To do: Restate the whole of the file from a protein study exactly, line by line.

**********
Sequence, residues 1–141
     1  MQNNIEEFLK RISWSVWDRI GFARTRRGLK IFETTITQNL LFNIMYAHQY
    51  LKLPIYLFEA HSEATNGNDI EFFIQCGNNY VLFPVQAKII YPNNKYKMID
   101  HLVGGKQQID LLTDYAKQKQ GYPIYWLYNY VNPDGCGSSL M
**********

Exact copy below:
Sequence, residues 1–141
     1  MQNNIEEFLK RISWSVWDRI GFARTRRGLK IFETTITQNL LFNIMYAHQY
    51  LKLPIYLFEA HSEATNGNDI EFFIQCGNNY VLFPVQAKII YPNNKYKMID
   101  HLVGGKQQID LLTDYAKQKQ GYPIYWLYNY VNPDGCGSSL M